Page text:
"Old, unintelligent systems are neither KPI-driven nor scalable, nor do they evolve in response to emerging trends," Srinivasan said. "Intelligent systems can be KPI-driven due to their capture of key metrics such as transaction approval and denial rates, false positive rates and their ability to differentiate between true and friendly fraud rates. These systems provide a seamless, frictionless transaction journey for cardholders while creating a high level of friction for fraudsters and malicious attacks."

Srinivasan noted that smart POS systems keep fraud checks in balance by utilizing intelligent routing capabilities to accept payments from cardholders around the world, while maximizing approval rates. These solutions, she added, can also adapt to the changing payments landscape of peer-to-peer payments, mobile wallets, credit cards and cryptocurrencies.

Intelligent dispute management

Trends worth noting in chargebacks include high percentages of fraud and disputes occurring in Latin America and other emerging markets, Srinivasan stated, noting Visa released new mandates to help merchants with friendly fraud disputes. The emergence of NFT platforms and marketplaces that accept credit cards for NFT and cryptocurrency purchases are also facing high dispute volumes due to buyer confusion, and buy now, pay later service providers continue to experience high levels of friendly fraud and chargebacks, she added.

Srinivasan pointed out that service providers can mitigate these emerging threats by identifying the needs of merchants and their respective customer bases and offering solutions that can help them grow their revenue. Partner with reputable managed service providers who can help fill gaps by addressing specific pain points or growth needs of merchants, she said.

Stay up to date with evolving industry trends and new merchant solutions by regularly attending industry events, she advised, noting that these activities will help keep your products and services aligned with the ever-changing payments ecosystem while remaining secure, compliant, agile and intelligent.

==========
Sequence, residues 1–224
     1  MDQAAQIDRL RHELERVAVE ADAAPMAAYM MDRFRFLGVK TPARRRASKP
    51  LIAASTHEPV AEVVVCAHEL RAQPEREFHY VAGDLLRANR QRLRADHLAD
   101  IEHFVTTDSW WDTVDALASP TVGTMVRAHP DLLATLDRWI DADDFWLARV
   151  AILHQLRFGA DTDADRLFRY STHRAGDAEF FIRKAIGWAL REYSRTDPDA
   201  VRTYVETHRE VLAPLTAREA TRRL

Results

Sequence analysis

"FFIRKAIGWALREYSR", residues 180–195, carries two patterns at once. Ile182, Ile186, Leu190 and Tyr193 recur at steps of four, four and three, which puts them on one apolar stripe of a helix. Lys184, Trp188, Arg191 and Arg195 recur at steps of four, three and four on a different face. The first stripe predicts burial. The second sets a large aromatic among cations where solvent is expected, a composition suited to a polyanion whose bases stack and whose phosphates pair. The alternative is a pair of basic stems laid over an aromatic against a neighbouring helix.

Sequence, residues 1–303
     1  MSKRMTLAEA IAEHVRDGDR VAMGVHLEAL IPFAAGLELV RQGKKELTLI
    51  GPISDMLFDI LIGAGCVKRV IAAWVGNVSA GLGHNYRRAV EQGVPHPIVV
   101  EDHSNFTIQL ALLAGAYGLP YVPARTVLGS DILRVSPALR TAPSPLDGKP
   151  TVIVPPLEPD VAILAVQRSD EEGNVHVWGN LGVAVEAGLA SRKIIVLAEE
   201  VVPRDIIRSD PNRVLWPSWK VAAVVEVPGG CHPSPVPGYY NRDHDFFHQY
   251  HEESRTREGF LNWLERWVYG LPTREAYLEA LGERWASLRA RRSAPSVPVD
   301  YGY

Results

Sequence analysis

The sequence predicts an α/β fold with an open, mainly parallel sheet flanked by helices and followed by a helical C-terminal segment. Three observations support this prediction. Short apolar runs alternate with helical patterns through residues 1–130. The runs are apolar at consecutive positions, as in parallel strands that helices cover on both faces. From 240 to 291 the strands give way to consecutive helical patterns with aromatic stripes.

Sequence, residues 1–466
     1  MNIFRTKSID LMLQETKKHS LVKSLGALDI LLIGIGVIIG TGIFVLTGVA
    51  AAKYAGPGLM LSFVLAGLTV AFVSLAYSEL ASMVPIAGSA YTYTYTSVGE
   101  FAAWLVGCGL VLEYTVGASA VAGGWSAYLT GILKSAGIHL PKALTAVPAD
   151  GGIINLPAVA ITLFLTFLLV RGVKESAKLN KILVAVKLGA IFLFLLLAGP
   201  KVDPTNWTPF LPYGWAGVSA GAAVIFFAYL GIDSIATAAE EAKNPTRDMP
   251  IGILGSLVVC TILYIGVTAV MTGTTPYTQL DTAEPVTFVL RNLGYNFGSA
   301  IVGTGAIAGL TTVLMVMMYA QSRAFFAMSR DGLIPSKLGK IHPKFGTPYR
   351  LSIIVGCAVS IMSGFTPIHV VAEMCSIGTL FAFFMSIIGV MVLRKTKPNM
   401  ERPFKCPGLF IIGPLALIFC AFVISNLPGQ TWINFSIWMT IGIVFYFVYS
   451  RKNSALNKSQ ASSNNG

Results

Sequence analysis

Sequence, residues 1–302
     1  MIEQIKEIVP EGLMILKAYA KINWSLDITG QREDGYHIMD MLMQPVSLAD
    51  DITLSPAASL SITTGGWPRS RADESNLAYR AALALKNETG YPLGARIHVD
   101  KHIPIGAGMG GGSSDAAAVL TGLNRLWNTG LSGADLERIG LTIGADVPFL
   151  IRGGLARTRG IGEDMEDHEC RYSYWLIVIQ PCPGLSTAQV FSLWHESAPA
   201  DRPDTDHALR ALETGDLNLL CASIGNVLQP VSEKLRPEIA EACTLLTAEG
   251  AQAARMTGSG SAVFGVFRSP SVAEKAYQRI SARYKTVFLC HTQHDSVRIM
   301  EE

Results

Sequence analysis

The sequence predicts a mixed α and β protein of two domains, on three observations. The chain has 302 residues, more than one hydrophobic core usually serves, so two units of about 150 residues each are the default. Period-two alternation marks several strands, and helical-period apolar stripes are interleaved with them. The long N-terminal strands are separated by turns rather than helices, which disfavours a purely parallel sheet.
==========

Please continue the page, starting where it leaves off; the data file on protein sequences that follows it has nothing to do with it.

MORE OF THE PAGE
Building future-proof frameworks

Baldwin stressed the need for payments companies to make sure the intelligent systems and solutions they leverage are secure. "They need to ensure any application under consideration is PCI PA-DSS or PCI Software Security Framework compliant and listed as a Validated Payment Application on the PCI Software Security Standards Council's website," he said.

Baldwin noted these certifications will affirm not only that the system owner has the most up-to-date data security, but also that system users will be able to access only the information allowed by their configured roles.

"Bottom line: service providers need intelligently designed architectures that will allow them to be competitive in the changing world of payments," he said. "By ensuring their systems can support high transaction volumes for any type of payment mechanism, they can have peace of mind knowing that their back office processing can not only handle today's fast-paced environment, but that it also will not be obsolete in a few years."

As payments experts have noted, secure, intelligent, agile and adaptable frameworks will support future generations of payments applications, devices, networks and platforms. This flexible architecture, combined with flexible, rules-based engines will help clients futureproof enterprises across the payments ecosystem. end of article

Dale S. Laszig, senior staff writer at The Green Sheet and managing director at DSL Direct LLC, is a payments industry journalist and content strategist. Connect via email dale@dsldirectllc.com, LinkedIn www.linkedin.com/in/dalelaszig/ and Twitter dsldirect@DSLdirect.